NEWLY-NATIONALISED ScotRail has confirmed it will slash services by nearly a third from next week – just three days after providing a half price offer in a bid to get passengers back on trains.
ScotRail says the temporary but indefinite move has come as a result of the drivers pay dispute – which has seen nearly over 900 train cancellations in the last 11 days.
Nearly 700 weekdays services are to be cut as part of a temporary timetable “to provide greater certainty and reliability for customers”, ScotRail said.
Further cuts to timetables for Saturdays and Sundays are being worked out.
Scottish Conservatives transport spokesperson Graham Simpson said: “This is devastating news for passengers.
“We are only weeks into having the SNP running our trains and already it is chaos.”
ScotRail said the move was the result of the” ongoing impact of a significant number of drivers declining to make themselves available for overtime or rest day working”, following an announcement by the drivers’ union Aslef that it will ballot for industrial action over pay.
The new transport headache for the Scottish Government has come as it supported a half-price rail fare offer which ended on Sunday to try and entice people back onto trains in the wake of Covid pandemic restrictions being lifted.
It comes as a summer national rail strike is moving closer with the unions National Union of Rail, Maritime and Transport (RMT) and Aslef at deadlock with the minister-controlled ScotRail in a series of disputes.
Another dispute involves thousands of Network Rail workers across the UK which could bring services in Scotland to a standstill this summer.
There are at least two strike ballots planned for industrial action involving drivers and other rail workers with newly nationalised ScotRail.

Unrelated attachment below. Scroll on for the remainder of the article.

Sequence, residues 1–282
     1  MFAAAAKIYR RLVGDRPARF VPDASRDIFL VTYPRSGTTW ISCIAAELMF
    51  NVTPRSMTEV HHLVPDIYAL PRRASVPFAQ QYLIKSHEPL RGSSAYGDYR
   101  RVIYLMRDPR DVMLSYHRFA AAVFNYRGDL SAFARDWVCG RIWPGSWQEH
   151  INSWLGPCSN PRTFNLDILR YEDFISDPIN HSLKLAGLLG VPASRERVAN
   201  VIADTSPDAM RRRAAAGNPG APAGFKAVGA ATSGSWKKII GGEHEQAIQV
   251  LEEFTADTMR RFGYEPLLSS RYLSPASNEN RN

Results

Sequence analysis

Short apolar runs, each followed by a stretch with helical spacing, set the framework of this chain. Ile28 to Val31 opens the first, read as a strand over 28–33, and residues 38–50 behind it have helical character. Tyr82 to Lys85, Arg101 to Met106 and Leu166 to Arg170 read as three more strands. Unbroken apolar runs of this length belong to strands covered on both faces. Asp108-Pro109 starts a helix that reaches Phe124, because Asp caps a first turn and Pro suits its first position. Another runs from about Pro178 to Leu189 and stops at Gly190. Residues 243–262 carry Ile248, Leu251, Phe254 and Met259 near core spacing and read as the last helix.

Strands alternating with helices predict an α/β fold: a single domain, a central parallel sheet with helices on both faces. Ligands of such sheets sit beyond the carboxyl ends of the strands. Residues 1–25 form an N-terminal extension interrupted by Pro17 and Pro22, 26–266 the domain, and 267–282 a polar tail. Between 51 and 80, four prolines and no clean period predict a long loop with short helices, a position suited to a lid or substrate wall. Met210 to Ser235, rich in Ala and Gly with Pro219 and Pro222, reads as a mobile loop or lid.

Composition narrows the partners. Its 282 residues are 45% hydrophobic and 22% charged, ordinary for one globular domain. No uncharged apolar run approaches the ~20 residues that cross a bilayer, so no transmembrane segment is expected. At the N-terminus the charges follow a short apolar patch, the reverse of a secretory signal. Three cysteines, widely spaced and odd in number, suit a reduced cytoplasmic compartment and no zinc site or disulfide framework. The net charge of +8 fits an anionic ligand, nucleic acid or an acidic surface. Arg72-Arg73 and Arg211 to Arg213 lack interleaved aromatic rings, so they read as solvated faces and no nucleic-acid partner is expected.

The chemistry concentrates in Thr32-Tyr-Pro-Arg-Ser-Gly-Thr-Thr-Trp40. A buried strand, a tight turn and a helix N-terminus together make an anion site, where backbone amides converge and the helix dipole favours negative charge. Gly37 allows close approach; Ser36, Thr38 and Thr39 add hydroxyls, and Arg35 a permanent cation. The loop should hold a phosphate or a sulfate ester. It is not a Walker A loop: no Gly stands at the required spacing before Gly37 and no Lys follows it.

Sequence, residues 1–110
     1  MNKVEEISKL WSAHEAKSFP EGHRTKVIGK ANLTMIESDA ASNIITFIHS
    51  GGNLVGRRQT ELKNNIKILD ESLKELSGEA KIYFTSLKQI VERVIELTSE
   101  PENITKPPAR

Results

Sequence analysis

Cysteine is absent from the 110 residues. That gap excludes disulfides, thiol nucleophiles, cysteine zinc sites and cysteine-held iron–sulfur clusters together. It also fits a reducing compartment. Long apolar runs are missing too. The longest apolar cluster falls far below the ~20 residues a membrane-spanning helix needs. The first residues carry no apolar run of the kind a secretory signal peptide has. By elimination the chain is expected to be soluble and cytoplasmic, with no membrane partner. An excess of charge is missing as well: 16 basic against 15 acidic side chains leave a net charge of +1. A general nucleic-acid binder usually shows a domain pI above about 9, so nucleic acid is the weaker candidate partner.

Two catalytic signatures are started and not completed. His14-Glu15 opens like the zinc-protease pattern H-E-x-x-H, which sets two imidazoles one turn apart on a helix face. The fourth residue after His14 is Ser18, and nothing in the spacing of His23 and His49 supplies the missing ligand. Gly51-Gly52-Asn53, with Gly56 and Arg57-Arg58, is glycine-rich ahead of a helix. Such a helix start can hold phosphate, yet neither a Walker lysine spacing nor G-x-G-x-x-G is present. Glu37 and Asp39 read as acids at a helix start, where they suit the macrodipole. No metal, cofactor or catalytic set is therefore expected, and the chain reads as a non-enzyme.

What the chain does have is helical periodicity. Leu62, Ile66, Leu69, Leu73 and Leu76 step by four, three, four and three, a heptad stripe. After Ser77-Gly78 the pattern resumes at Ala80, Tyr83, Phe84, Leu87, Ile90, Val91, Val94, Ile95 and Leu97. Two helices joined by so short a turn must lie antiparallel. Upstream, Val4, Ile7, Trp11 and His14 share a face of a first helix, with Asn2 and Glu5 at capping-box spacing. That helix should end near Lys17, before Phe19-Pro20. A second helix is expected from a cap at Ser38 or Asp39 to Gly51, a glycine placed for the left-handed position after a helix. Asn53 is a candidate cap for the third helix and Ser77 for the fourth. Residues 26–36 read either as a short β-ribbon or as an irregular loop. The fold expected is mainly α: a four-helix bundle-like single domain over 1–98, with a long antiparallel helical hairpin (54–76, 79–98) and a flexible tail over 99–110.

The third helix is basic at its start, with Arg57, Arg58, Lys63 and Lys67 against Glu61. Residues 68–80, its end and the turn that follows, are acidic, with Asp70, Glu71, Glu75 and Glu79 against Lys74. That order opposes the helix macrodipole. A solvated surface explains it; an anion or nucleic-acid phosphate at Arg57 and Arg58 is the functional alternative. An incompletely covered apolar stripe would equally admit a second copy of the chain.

The RMT has begun ballot for strike action warning Network Rail is planning to cut at least 2,500 safety-critical maintenance jobs as part of a £2 billion reduction in spending, including hundreds north of the border. Meanwhile workers have been subject to pay freezes and changes to their terms and conditions.
The transport staff union TSSA has called for action to avoid a “far reaching” industrial dispute across our railways this summer as it considers a potential national strike ballot with its staff working for Network Rail, which owns the rail infrastructure, including tracks and signals.
ScotRail said “it’s right The train operator said it’s right to make these changes to provide greater certainty for customers as the current level of cancellations is not sustainable for customers and colleagues”.
The train operator added: “Like many train operators across Britain, ScotRail has relied on drivers working overtime or on their rest days. In 2019, ScotRail committed to employing more drivers to phase out the reliance on this practice, however, the pandemic meant that driver training was significantly delayed.
“ScotRail is still awaiting formal notification from Asle and the RMT on the details of the ballots of its members for industrial action.
“ScotRail is disappointed to find itself at this stage with both trade unions, despite a very good offer being made. ScotRail has made a good pay offer that recognises the hard work of our colleagues and the cost-of-living challenges faced by families across the country, while delivering value for the taxpayer.
The 2022/23 offer involves a 2.2% increase in pay which ScotRail says is consistent with the October 2021 agreement reached with other grades.